Processing Lexical Bundles
Estimates differ, but in general it is assumed that about half of our spoken and written language consists of stock phrases, formulaic sequences, and common, semantically transparent combinations of words, also known as lexical bundles. There is a growing body of experimental work showing that lexical bundles are read, understood, and pronounced faster than their infrequent matched controls, which seems to suggest that these bundles function as units in processing, much like single words.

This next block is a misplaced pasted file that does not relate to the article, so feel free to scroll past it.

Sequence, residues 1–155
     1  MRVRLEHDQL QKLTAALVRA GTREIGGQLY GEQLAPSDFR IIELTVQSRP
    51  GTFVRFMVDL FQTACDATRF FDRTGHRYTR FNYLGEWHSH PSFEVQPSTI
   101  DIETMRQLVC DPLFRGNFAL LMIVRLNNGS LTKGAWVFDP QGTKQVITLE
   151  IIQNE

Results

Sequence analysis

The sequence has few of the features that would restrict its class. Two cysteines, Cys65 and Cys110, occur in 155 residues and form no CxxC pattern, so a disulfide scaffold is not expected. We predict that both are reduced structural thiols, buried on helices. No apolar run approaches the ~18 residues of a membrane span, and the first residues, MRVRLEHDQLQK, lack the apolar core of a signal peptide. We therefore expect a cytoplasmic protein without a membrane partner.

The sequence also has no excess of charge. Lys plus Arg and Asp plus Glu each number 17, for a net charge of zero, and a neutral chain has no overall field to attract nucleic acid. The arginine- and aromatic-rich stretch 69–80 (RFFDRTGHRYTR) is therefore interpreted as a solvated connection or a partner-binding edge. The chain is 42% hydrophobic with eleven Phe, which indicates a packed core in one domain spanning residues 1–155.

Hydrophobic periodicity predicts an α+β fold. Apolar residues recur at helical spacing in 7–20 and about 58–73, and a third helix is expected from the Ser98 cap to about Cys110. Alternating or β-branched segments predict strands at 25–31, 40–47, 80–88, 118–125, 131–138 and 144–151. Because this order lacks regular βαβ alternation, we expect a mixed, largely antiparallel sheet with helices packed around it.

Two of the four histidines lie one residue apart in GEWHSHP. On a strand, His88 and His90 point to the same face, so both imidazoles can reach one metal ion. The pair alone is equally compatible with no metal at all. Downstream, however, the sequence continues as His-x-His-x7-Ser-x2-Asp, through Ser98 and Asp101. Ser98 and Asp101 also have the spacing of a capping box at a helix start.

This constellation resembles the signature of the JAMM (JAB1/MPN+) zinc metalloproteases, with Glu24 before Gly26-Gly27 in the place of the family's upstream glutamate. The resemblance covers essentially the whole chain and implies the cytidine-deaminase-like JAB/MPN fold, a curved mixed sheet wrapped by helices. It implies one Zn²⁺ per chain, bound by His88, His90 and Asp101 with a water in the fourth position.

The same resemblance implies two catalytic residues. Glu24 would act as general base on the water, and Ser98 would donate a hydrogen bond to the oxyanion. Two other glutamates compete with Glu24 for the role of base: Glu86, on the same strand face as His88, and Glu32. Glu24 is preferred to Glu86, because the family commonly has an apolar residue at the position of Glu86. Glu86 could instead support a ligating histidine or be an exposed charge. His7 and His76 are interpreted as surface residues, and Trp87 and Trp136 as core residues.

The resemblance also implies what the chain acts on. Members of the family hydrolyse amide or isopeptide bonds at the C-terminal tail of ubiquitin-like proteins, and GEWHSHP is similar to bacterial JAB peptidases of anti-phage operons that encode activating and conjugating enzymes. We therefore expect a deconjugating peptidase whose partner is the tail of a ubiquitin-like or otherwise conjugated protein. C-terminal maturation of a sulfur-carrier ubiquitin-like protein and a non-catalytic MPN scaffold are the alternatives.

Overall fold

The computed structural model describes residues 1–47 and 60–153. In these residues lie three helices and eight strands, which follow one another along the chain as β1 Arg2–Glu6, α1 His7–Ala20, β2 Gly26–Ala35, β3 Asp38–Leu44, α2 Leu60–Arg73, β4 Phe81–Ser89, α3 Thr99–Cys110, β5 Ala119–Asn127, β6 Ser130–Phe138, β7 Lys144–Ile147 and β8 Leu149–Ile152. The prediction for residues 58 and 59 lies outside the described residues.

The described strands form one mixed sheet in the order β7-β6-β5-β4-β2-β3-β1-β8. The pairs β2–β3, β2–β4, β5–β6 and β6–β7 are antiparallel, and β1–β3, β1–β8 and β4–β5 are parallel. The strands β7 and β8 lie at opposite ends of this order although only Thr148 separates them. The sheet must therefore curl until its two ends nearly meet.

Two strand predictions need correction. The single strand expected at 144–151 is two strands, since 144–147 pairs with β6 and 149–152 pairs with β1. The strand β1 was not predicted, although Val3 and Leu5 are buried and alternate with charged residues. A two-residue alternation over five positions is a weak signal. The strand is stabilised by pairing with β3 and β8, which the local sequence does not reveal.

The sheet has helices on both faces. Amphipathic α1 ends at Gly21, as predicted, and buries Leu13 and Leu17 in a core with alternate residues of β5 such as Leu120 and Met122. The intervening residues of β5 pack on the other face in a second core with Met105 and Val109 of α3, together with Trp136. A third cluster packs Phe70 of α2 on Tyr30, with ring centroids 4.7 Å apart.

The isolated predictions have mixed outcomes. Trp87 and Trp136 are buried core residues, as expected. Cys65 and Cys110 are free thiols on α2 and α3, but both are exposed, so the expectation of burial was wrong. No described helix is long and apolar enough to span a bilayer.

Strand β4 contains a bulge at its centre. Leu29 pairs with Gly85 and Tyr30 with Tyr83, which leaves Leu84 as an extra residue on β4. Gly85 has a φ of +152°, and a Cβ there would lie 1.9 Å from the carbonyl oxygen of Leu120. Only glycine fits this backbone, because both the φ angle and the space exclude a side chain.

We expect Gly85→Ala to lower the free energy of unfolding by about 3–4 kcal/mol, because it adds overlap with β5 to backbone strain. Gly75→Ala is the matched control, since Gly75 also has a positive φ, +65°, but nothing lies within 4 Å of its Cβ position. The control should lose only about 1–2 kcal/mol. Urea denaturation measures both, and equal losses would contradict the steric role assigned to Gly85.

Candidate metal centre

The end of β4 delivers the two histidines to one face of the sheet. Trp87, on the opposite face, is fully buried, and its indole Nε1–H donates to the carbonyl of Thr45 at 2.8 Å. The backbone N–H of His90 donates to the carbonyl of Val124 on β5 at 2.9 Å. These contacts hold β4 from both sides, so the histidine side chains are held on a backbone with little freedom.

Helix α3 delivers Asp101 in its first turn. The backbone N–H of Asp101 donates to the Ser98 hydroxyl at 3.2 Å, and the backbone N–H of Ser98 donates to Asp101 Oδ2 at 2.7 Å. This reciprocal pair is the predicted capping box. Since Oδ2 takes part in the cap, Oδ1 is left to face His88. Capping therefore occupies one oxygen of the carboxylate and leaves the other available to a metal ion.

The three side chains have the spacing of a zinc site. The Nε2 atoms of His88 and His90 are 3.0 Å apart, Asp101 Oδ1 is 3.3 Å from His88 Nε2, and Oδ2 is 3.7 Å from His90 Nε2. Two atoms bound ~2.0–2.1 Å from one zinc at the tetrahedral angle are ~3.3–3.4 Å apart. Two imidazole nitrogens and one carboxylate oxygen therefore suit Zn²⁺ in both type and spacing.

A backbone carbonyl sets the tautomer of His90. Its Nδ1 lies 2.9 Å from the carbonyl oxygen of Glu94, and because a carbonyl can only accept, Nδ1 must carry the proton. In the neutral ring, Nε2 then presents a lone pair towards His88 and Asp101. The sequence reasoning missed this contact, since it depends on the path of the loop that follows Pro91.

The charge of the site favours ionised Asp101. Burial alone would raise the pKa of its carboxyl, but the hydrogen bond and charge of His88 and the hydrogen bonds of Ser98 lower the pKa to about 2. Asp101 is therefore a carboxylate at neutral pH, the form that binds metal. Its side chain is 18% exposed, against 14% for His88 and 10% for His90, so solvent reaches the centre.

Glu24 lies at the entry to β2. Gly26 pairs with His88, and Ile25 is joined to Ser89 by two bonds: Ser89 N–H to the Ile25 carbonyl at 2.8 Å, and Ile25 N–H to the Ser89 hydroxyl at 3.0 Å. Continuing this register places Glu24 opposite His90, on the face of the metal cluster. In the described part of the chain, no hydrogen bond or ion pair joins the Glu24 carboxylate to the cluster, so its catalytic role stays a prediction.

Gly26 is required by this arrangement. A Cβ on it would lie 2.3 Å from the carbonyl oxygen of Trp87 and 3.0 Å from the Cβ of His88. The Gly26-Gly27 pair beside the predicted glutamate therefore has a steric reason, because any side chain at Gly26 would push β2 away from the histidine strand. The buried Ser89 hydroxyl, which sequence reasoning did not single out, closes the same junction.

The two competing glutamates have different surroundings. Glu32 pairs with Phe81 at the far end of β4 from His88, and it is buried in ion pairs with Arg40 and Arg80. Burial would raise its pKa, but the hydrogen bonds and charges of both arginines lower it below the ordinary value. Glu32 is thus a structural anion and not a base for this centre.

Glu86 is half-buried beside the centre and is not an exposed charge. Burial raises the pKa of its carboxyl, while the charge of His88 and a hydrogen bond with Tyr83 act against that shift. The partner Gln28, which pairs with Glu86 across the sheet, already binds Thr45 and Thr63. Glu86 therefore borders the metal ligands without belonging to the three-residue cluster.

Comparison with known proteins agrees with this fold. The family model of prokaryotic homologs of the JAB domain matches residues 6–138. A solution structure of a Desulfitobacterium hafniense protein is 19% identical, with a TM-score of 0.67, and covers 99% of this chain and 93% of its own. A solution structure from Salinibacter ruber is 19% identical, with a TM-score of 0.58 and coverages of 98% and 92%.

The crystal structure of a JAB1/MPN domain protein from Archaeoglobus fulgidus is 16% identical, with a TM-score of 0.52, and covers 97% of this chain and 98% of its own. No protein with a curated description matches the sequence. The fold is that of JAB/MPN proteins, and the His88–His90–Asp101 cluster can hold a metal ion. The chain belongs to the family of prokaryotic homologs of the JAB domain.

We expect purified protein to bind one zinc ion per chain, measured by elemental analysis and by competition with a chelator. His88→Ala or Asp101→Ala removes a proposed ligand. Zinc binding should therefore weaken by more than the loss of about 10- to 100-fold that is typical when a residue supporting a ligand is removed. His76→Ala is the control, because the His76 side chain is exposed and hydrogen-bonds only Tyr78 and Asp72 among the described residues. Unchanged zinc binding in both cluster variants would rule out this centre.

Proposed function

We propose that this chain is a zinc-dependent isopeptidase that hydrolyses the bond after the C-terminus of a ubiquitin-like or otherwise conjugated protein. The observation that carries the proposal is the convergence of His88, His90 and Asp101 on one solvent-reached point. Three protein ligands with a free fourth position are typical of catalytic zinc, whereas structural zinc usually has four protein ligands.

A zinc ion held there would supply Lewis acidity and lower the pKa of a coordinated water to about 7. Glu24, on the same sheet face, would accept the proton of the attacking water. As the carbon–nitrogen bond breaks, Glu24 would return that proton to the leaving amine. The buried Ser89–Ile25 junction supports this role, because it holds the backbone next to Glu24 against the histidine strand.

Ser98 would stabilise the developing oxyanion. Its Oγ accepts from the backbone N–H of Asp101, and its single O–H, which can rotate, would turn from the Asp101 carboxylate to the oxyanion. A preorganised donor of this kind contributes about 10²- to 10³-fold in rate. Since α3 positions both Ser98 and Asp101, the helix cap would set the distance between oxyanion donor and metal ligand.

This thesis focuses on the processing of Dutch lexical bundles, and does so by considering them from different angles: How do we read lexical bundles? Are there differences in processing between age groups? How do we process spoken lexical bundles? And how do we produce them? In answering these questions, a wide range of experimental methods, and both statistical and computational modeling are employed.